Indexed on: 13 May '20Published on: 13 May '20Published in: International journal of hypertension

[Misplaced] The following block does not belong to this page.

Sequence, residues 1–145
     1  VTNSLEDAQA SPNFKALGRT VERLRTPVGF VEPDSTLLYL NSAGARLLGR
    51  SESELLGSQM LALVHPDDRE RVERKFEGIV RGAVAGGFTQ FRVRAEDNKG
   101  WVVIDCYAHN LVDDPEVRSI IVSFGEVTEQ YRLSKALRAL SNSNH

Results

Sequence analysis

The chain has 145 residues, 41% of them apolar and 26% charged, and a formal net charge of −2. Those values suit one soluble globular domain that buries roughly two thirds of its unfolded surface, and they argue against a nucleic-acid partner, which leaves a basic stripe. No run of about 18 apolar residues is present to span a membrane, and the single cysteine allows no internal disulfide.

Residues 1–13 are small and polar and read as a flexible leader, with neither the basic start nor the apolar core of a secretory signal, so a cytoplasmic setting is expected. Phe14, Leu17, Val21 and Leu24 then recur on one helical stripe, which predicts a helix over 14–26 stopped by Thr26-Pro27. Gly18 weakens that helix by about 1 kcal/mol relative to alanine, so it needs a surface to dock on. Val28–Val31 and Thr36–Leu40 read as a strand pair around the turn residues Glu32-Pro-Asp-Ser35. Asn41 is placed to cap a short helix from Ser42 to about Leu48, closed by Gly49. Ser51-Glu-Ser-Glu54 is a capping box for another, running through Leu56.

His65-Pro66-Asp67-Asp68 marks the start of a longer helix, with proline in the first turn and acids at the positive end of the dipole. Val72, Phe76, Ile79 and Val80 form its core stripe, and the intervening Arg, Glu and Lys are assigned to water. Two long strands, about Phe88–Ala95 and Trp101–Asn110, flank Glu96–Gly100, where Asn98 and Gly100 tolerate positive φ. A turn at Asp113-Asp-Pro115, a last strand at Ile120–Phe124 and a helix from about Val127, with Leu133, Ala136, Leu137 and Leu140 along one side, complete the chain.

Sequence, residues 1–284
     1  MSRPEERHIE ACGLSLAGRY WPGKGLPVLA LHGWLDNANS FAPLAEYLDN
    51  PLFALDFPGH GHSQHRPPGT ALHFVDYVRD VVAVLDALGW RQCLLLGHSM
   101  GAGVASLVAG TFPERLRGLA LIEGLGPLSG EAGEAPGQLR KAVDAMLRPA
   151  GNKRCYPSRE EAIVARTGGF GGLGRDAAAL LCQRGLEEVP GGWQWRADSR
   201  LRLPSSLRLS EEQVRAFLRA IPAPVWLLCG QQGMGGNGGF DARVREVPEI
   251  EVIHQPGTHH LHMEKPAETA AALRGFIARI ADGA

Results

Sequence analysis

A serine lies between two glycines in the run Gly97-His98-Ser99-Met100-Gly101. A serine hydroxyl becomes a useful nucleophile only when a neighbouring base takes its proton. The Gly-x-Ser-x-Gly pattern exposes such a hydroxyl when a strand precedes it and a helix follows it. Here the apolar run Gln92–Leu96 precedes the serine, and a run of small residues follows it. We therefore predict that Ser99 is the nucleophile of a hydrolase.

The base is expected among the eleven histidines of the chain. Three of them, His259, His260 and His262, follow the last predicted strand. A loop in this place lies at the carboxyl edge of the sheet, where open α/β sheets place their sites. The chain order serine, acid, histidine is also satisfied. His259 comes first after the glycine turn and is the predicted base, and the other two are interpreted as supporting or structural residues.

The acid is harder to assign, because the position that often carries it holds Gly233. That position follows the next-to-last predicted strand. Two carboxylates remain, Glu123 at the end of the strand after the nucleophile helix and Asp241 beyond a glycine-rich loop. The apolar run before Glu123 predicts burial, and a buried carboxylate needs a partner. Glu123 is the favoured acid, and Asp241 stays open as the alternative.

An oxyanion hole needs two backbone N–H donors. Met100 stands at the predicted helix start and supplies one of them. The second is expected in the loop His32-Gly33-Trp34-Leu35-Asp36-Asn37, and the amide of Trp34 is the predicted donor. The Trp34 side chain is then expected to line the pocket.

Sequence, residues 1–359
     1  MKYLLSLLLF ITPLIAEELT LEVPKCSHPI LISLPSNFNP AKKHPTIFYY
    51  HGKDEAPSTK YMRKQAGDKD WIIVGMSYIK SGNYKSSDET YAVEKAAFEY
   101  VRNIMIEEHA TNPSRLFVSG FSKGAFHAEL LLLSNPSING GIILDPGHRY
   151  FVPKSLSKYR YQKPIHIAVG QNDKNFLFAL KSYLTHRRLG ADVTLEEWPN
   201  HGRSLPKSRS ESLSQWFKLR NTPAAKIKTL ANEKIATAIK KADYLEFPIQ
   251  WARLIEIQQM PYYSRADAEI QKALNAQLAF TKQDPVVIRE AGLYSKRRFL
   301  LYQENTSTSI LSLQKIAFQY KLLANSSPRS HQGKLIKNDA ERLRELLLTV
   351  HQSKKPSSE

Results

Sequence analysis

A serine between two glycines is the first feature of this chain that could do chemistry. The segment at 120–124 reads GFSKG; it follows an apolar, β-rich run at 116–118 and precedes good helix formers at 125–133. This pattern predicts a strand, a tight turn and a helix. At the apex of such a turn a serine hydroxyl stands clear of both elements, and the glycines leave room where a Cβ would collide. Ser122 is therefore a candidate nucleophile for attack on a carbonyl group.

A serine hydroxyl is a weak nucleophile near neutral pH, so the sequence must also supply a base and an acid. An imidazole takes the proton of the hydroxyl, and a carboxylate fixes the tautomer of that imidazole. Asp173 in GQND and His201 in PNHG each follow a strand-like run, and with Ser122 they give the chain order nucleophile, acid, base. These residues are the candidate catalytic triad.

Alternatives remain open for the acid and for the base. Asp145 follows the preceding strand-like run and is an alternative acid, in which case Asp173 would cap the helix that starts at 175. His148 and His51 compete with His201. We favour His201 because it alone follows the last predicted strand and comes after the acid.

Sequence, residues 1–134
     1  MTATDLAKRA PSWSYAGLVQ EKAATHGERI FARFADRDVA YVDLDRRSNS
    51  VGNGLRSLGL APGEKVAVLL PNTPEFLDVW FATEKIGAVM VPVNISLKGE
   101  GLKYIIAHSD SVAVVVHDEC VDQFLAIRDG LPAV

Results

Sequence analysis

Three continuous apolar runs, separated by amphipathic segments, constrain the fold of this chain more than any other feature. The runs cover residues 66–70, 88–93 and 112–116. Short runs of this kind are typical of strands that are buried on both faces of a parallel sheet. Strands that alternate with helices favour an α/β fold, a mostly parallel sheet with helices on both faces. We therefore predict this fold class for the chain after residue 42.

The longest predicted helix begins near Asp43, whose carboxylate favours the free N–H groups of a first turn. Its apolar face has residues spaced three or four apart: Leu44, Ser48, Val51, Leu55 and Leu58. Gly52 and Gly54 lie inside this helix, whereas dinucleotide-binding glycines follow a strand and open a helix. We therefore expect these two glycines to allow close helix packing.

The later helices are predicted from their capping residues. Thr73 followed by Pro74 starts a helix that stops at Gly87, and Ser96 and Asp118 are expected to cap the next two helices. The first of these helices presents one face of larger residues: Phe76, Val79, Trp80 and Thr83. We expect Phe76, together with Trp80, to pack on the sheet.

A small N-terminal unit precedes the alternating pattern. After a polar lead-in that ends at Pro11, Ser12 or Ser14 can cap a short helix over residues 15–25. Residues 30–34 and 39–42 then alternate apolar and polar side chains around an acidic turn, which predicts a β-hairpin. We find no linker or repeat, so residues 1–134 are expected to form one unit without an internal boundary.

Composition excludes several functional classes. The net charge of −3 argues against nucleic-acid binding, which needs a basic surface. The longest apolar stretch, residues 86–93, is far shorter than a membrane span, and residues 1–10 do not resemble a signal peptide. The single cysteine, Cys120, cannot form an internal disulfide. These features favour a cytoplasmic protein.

Systolic (SBP) and diastolic blood pressure (DBP) are commonly used for cardiovascular disease (CVD) risk prediction, and pulse pressure (PP) and mean arterial blood pressure (MAP) can provide additional information. It is therefore important to understand the factors associated with these cardiovascular risk markers. This cross-sectional study involved 1839 men and women aged 40-60 years. Data on SBP, DBP, MAP, PP, sociodemography, lifestyle, anthropometry, and lipids were collected. Gender-stratified linear regression analyses were performed to determine the association between log-transformed blood pressure indices and the study variables. Age was associated with all measured blood pressure indices ( < 0.001) among men and women. Men had higher SBP (=0.007) and PP ( < 0.001) than women. Nankana ethnicity was associated with higher PP levels ( < 0.005) in the total population. Vendor meal consumption among women was associated with higher PP levels ( < 0.05). Fruit intake among men was associated with lower PP levels ( < 0.05). Currently unmarried women had higher SBP ( < 0.005), DBP ( < 0.05), MAP ( < 0.005), and PP ( < 0.005) than currently married women. Pesticide exposure was negatively associated with SBP ( < 0.005), DBP ( < 0.005), MAP ( < 0.005), and PP ( < 0.05) among women. Increased subcutaneous fat was associated with DBP ( < 0.005) and MAP ( < 0.05) among women. Among men, hip circumference was associated with higher DBP and MAP ( < 0.05 for both associations), subcutaneous fat associated with higher SBP ( < 0.005), DBP ( < 0.001), and MAP ( < 0.001) and visceral fat was associated with higher PP ( < 0.05). In the total population, visceral fat was associated with higher DBP ( < 0.05) and MAP ( < 0.001). High-density lipoprotein cholesterol was positively associated with SBP ( < 0.005), DBP ( < 0.005), and MAP ( < 0.001) for women and positively associated with SBP, DBP, and MAP ( < 0.001 for all three) and PP ( < 0.05) for men. The association of blood pressure indices with modifiable risk factors suggests that targeted health interventions may reduce CVD risk in this population. Copyright © 2020 Godfred Agongo et al.